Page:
Food: () Great steaks and superb sides, with only one dish that didn’t please
Service: () Experienced staff is on top of its game from start to finish
Atmosphere: () Elegant and intimate, with clean lines and an open kitchen
Location: 163 NW Minnesota Ave., Bend.
Hours: 5 to 11 p.m. Sunday to Thursday, 4 to 11 p.m. Friday and Saturday
Cuisine: American, primarily steaks
Price range: Appetizers $12 to $26, entrees $28 to $96
Credit cards: American Express, Discover, Master Card, Visa
Kids’ menu: No
Vegetarian and gluten-free menu: Salads and vegetable side dishes
Alcoholic beverages: Full bar
Outdoor seating: Two summer-only tables
Contact: bostaurussteak.com, 541-241-2735
Bend has never seen a restaurant like Bos Taurus.
The fashionable steakhouse in the heart of downtown opened on April 21 as the astrological calendar flipped over to the sign of the practical and ambitious bull — Taurus — and since has been pleasing discerning palates, even as some of its prices have raised eyebrows.
Bos Taurus is the Latin name for bovine cattle, encompassing all common domestic breeds. It’s a fitting moniker, as the menu is all about the beef.
Executive chef George Morris serves Cedar River Angus steaks from Arizona, 7X Ranch Wagyu steaks from Colorado, Allen Brothers steaks from Chicago, Bavette cuts from Australia. There are also A5 Wagyu strip loins direct from Hokkaido and Miyazaki, Japan, so rich that two ounces (at $26 to $29 an ounce) may be all a diner needs.
Established by 10 Barrel Brewing principals Chris and Jeremy Cox and Garrett Wales, along with partners Mike Moor, James Meskill and Kyle McKee, Bos Taurus was more than a year in the making.
The restaurant is on Minnesota Avenue just east of Wall Street, in a space that had been home to the Barrio, Gatsby’s and Marz eateries.
The room has been reinvented, with clean lines, an elegant and modern industrial feel and a five-table loft area. A small bar on the left-hand side of the room looks across a handful of tables and booths, seating 44 diners, at a wall-size silkscreen of a bull pawing the Earth. The open kitchen invites observation at the rear of the restaurant.
Few if any Central Oregon restaurants offer the level of service found at Bos Taurus. A highly experienced staff is on top of the game from start to finish, right down to offering a choice of three different steak knives from France and Japan. The razor-sharp Asian selection, in fact, may have been crafted by a samurai swordsman: These knives feature the Bos Taurus signature etched on their blades.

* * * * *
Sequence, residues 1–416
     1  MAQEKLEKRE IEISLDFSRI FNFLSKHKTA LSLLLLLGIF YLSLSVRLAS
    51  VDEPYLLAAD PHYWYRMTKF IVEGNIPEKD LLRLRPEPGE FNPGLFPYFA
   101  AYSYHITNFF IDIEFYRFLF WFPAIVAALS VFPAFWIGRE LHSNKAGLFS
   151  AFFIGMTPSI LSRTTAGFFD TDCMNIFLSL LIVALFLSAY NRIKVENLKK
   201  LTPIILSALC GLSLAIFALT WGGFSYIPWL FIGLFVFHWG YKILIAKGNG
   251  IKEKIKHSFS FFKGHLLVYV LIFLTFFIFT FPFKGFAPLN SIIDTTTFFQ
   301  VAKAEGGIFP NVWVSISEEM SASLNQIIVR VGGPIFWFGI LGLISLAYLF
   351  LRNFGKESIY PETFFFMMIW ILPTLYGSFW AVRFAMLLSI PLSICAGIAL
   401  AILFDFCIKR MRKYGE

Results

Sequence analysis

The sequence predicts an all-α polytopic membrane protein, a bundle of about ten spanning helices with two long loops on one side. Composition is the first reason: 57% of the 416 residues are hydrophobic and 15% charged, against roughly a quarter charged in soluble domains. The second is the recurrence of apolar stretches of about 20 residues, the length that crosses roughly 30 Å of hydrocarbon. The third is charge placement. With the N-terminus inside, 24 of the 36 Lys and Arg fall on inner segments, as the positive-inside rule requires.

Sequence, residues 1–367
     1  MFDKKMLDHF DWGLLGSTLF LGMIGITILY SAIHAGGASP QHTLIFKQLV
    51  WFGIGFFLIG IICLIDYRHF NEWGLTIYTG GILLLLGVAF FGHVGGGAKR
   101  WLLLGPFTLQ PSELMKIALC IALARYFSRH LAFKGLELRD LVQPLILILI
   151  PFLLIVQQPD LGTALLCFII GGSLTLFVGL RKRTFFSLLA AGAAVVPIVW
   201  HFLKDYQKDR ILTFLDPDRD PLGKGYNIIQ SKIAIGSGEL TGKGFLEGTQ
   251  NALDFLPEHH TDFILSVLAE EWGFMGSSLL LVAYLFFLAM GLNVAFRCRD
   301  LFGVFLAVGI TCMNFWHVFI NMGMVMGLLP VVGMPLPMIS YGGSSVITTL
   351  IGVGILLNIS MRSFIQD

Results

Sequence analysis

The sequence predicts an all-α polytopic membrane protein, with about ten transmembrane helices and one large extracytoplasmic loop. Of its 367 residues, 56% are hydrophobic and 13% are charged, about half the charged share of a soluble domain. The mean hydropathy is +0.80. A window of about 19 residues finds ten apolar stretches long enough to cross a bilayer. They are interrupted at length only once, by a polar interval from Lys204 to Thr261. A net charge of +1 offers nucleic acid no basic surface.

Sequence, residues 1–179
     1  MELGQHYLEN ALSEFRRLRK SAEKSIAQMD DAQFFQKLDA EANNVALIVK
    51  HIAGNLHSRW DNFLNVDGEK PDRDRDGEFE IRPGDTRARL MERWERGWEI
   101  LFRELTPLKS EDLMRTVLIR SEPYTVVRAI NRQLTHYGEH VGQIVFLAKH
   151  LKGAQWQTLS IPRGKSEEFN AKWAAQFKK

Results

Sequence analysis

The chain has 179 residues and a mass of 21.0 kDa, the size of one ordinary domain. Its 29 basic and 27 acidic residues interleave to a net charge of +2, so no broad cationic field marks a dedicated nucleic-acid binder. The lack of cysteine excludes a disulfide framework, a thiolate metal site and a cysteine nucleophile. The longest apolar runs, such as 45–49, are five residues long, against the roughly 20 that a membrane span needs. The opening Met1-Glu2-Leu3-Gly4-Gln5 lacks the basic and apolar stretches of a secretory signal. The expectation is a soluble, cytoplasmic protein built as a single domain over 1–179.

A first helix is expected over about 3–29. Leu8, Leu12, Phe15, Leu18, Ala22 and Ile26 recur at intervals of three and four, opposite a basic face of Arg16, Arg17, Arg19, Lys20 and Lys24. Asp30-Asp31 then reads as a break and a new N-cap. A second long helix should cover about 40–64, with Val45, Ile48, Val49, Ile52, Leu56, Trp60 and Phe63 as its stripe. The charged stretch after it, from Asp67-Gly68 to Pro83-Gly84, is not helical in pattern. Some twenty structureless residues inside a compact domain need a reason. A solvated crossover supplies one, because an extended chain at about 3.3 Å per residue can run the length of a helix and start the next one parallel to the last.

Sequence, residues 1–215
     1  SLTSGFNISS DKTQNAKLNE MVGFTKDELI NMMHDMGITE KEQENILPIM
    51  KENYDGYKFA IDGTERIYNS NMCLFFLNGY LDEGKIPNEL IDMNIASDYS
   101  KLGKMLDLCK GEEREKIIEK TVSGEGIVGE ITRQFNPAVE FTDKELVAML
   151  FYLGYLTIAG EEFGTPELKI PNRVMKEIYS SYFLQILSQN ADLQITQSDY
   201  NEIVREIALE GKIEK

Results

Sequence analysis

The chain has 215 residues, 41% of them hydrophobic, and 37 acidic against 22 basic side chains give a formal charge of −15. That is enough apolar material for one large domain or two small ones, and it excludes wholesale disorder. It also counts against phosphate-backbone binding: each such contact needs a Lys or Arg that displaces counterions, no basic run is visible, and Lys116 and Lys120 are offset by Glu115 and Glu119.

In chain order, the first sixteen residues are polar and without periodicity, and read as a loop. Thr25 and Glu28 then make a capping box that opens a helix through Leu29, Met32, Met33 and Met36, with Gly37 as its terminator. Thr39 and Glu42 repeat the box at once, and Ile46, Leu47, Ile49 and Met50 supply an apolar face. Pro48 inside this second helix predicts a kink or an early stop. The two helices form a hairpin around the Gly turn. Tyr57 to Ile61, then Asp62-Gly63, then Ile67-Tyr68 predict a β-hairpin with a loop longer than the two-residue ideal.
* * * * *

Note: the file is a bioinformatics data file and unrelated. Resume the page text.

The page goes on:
“The partners traveled to steak houses all over the country, looking for just the kind of experience they wanted to bring to Bend,” said general manager Jim Kiefer, a veteran of 30 years in the restaurant industry, half of them in Steamboat Springs, Colorado. “They wanted something that was both high-level and fun.”
They have succeeded.
A week ago, my dining companion and I shared a meal of oysters, salad, steak and seafood, and came away thoroughly impressed.
The meal began with a basket of two light-as-air popovers, puff pastries presented with a ramekin of bay leaf-and-honey butter with a sprinkle of Hawaiian sea salt.
Then came a quartet of Netarts Bay oysters from the Oregon coast, plump and only a little briny.
Morris served them with an original mignonette that featured sweet chilies, red onions and Chinese parsley.
We couldn’t resist the 5A Miyazaki Wagyu, pan-seared in a Bordelaise sauce. It was, in a word, amazing, and awakened our taste buds to the rest of the meal.
A wedge salad on a splayed head of crispy iceberg lettuce featured a generous serving of house-smoked blue cheese dressing. It came with “unsmoked” pork belly, as well as wilted heirloom cherry tomatoes, shaved scallions and freshly ground pepper.
We were glad to have plenty of starters. We had been alerted that our steak would take 30 to 35 minutes to prepare. In fact, nearly an hour passed before a 16-ounce Angus rib-eye, from Arizona’s Cedar River Farms, appeared at our table.
Yet, it was worth the wait. We wondered why we needed the exotic steak knives, because the meat cut like butter. Perfectly cooked medium rare, to our specification, it was served (per our request) with portions of creamy horseradish and tangy Argentine chimichurri sauce. This was a melt-in-our-mouth steak, with little mastication required.
As an accompaniment, we chose Brussels sprouts, cooked with crispy pork lardons and a house-made maple sauce. Fermented chilies, chestnuts and roasted almonds added creative flair to the crispy leaves.
A little seafood
If there was a letdown, it was an order of squid-ink garganelli (tubular pasta similar to penne) with fresh Maine lobster.
Neither of us had a taste for this dish, which included bone marrow and Japanese yuzu (citrus) sauce.
Not wanting to see us disappointed, our server replaced the lobster dish with pan-seared halibut, line-caught off the Washington coast. A relish of roasted corn and heirloom tomatoes, boosted by a unique buttered-popcorn purée, made this a fine choice.
“We want to be known for bringing the best possible product to Bend,” Morris said. “These ingredients cost a lot of money, but what we charge, versus what we pay, is very generous to the guest.”
In fact, six of the 11 steaks served at Bos Taurus are priced under $45, including a five-ounce petit filet mignon for $28.
Morris, 33, is a graduate of New York’s Culinary Institute of America who came to Bend from the multi-restaurant Madeline Hotel and Residences in Telluride, Colorado.
An outdoors lover, he has also worked in Phoenix, San Diego and his native Chicago, but he considers Bend home: “I know that I’m done moving,” he said.
— John Gottberg Anderson can be reached at firstname.lastname@example.org .